Japanese Street Food: Tachigui Soba!

tachigui02What’s better than slurping hot soba noodles when you’re out in the cold? Slurping them when they’re hot, fresh, cheap and at a tachigui-style restaurant!

Tachigui, which means “eating standing up”, is a popular style of eating in Japan, especially for quick meals while traveling, commuting or going out for the evening. Tachigui-style eating was first introduced in what is now Tokyo during the Edo Period (1603-1868). During that time, restaurant owners catered to laborers and working class people who needed inexpensive yet nutritious, fresh and flavorful food… the perfect setting for serving soba noodles in soup broth. To minimize costs for space and service, tachigui shops offered standing areas for people to just eat and go.

This style of eating spread across Japan and in modern day cities, tachigui-style restaurants can be found in close proximity to rail stations and commuter areas. Soba noodles in hot soup broth are still the most popular dishes served at tachigui restaurants, but hungry people can also find sushi, barbeque and takoyaki at tachigui stalls.

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Customers eat at a tachigui soba shop in a train station (photo by Nesnad)

Dining at tachigui restaurants is an experience. Since many are located at or near train stations, they offer only counter space for diners. Diners purchase meal tickets called shokken for the type of dish they want from vending machines located at the stall. Meals range from the barebones noodles and soup to various toppings such as tempura, kakiage, eggs, fish cake and more. Once a diner purchases a ticket, they hand that to the server, and wait a few minutes for their bowl to be delivered. Tea and condiments are served freely on the counter.

Meals are inexpensive yet incredibly fresh. Soba noodles are parboiled and freshened before being served to patrons. Basic soba soups start at around 250 yen or $2.50 and soups with many toppings won’t cost more than 500-700 yen or $5.00-7.00. Regardless of price, people from all walks of life and economic circumstances eat at tachigui stalls.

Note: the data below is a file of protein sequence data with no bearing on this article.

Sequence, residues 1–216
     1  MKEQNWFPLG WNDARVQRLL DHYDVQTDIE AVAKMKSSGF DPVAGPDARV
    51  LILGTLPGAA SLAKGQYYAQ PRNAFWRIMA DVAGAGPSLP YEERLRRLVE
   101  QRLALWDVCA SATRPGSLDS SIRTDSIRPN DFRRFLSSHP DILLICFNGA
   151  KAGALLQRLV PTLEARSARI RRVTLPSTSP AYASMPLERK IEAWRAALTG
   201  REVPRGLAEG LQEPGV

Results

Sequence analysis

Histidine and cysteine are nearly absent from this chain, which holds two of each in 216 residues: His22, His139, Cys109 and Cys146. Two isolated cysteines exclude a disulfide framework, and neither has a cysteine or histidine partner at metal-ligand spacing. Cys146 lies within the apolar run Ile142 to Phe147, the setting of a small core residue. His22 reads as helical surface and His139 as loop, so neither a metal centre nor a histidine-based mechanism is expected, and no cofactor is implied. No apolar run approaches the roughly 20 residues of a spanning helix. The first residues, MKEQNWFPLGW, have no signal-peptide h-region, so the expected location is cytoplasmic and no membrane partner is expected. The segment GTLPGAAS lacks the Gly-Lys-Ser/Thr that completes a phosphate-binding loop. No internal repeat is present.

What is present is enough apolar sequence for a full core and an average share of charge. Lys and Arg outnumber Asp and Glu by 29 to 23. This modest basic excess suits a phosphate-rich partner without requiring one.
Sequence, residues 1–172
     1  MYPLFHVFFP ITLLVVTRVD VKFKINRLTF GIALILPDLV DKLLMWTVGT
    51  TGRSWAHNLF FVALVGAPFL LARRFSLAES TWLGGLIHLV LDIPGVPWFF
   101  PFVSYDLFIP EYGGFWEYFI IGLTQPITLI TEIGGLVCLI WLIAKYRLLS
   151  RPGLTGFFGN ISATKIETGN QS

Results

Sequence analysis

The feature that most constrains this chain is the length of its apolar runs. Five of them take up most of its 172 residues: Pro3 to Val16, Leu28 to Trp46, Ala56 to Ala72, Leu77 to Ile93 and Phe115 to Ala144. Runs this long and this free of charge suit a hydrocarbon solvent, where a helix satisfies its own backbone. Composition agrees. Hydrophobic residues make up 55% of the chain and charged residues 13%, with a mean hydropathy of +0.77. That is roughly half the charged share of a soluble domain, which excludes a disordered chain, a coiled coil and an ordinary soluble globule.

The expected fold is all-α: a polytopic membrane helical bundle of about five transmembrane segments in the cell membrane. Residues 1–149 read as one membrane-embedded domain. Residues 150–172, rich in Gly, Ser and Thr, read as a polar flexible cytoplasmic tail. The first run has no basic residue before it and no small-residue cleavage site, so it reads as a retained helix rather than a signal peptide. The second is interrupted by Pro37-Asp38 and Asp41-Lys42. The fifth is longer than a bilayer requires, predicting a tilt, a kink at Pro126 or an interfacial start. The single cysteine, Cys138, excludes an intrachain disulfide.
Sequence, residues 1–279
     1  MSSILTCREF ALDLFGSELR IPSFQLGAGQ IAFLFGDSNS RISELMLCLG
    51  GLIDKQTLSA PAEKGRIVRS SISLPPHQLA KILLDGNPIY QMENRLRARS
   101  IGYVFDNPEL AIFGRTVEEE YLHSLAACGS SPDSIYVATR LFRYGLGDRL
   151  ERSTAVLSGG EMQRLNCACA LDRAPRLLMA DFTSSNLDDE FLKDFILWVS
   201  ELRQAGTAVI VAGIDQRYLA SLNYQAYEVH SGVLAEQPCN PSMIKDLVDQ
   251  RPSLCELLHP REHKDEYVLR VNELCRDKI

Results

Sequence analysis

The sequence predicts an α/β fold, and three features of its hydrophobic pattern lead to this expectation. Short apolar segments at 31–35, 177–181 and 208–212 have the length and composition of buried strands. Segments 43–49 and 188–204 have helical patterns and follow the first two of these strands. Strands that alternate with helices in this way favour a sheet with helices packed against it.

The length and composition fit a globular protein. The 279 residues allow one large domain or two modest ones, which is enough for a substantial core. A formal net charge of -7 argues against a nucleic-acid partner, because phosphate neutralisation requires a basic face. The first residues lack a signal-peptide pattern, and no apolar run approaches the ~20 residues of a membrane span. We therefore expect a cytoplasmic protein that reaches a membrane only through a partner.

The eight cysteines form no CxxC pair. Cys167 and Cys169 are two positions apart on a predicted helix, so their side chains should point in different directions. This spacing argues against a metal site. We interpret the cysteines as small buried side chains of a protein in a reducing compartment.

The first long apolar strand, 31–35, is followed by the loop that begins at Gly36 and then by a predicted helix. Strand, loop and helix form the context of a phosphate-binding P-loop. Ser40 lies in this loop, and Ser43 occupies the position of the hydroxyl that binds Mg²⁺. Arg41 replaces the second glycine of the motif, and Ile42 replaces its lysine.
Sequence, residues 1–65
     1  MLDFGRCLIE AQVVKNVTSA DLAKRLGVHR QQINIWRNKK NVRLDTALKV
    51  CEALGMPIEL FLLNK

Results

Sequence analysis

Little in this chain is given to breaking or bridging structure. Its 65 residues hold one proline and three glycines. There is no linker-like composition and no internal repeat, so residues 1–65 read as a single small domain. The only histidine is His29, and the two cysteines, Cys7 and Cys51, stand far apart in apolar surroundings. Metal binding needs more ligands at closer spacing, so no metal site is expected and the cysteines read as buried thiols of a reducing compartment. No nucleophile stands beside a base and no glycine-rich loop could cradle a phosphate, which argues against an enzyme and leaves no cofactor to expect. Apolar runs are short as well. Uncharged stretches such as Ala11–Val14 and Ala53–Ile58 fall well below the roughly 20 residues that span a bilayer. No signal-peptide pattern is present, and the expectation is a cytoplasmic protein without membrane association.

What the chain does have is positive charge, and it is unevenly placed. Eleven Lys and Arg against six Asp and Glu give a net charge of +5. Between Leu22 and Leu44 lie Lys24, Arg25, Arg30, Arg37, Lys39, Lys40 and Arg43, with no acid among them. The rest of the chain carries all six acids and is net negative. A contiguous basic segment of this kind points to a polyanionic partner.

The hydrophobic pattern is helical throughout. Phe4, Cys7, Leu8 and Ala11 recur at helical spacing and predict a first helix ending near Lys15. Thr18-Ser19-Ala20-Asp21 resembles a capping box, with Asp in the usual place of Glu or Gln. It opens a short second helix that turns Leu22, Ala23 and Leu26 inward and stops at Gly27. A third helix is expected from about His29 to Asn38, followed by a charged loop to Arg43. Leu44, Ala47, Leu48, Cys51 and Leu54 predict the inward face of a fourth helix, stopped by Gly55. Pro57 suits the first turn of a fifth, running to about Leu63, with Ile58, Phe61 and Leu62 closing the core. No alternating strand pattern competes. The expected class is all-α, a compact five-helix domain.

Soba noodles are the perfect dish for a cold December going into the New Year and whether you’re eating tachigui-style soba noodles or toshikoshi soba, we hope you stay warm and have a great New Year!

Japanese Street Food: Winter Oden

oden02With the cold months of winter beginning, it’s time for oden.

Oden is a one-pot dish full of vegetables, fish cakes, tofu, eggs and konnyaku, all simmered in seasoned dashi broth. It’s pure comfort food, full of savory ingredients that have soaked up hot seasoned broth, perfect for the cold months of winter.

Oden is enjoyed by everyone in Japan, from children on their way home from school to homeward bound working professionals stopping at street vendors for oden and sake. When made at home, oden includes special ingredients loved by each family member. One of the characteristic ingredient is konnyaku, a jellied yam cake. Those who enjoy oden choose the ingredients to add to their bowl, sometimes adding chikuwa (fish cake), ground fish balls, kinchaku (fried tofu pouches), daikon radish, boiled eggs or vegetables like cabbage and potatoes. Oden is best when garnished with hot Japanese mustard.

Oden is a cross between a nimono, or simmered dish, and nabemono, or hot pot. The name oden is derived from dengaku, which refers to pieces of tofu and konnyaku skewered, basted with miso paste and grilled. Dengaku was typically served during colder months, and around the time of the Muromachi Period (1336 – 1573), the dish was modified to be simmered in seasoned broth.

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A shop advertises oden

Oden is prepared with variations depending on the region in Japan. In Tokyo and its environs, the broth is made from dashi and koikuchi shoyu, or dark soy sauce, and is typically salty in flavor. In the Osaka area, broth is made from dashi and usukuchi shoyu, or light soy sauce, with hints of sweetness. Oden from the Kyoto area has a sharp and sweet taste and in Nagoya, the broth is miso-based.

No matter what style of broth oden is made with, the warmth and savoriness of the ingredients characterize comfort during the coming winter. Oden can be found at street vendors, izakaya restaurants, and even at convenience stores where the clerks will either assemble your oden for you or let you make your own creation at the self-service counters.

One of our favorite oden recipes can be found here, and we hope you will try it out during this winter season.